Have you heard of Autonomous Sensory Meridian Response before? No, me neither. First let’s shorten it to ASMR. Evidently it’s the pleasurable feeling that starts on your scalp and then sends tingles down your neck and spine as you respond to a sound that stimulates you. Quite often it’s a voice or it could be a sound such as scrunching up paper. I’ve now discovered that the internet is awash with videos of people whispering or speaking in a way that some people find stimulating and engaging.
I suppose we have all sat in church listening to a preacher whose voice and style of delivery have us entranced, supplying a warm glow that we can physically experience. Sadly other preachers will have the opposite effect. Having read about the phenomena in my weekend paper I could recall a French teacher at school whose voice and style of delivery held me rapt. Others left me cold.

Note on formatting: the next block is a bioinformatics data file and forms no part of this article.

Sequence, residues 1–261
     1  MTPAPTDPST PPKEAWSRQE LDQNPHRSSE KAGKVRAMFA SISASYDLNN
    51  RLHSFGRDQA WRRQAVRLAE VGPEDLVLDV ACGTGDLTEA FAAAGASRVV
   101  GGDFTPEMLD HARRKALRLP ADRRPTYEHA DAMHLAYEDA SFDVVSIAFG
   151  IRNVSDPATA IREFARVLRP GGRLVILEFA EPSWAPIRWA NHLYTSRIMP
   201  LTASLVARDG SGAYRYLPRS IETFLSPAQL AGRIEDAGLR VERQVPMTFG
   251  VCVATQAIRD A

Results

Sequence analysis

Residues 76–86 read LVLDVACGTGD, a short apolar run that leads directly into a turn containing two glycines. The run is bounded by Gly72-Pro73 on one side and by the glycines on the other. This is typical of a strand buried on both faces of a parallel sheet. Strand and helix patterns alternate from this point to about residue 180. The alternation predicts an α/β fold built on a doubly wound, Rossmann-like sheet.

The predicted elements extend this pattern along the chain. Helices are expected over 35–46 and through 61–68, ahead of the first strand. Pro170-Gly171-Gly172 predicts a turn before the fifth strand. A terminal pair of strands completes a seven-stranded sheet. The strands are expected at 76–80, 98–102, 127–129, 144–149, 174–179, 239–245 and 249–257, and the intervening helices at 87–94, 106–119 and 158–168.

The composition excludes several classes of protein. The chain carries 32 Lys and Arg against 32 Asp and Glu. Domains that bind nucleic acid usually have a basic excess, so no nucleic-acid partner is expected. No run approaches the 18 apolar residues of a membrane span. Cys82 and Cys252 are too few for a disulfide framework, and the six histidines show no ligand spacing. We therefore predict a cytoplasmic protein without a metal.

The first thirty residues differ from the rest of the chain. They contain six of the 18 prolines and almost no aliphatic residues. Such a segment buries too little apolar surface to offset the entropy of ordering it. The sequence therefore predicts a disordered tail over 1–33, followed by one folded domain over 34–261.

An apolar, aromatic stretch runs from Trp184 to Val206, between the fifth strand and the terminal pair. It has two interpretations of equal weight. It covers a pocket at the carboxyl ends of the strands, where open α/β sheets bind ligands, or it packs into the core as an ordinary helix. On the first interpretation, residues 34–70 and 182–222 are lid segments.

ASMR is in the news as some new academic research has suggested, I think, that if we can harness the type of sound that has this effect on us, it can aid relaxation, reduce stress levels and in some cases help us sleep better. I listened to a You tube clip of a woman whispering – viewed millions of times I think – and I could feel the start of that familiar feeling. People who know me well will be relieved to know that the whispering was at an audible level.
So far, so good, and a bit obvious I suppose. But the safeguarder in me is reminded that for some a particular sound or voice may trigger memories that are more likely to cause a shudder rather than a pleasant tingle. The trauma of lived experience of abuse may be recalled without warning and this is something we do well to remember in our church life. One person’s key to relaxation my be another’s doorway to feeling unsafe.
As I write this on St Pancras station the man playing the nearby piano only seems to know one chord which he has now played (badly) for two or three minutes. Its definitely not having the desired effect.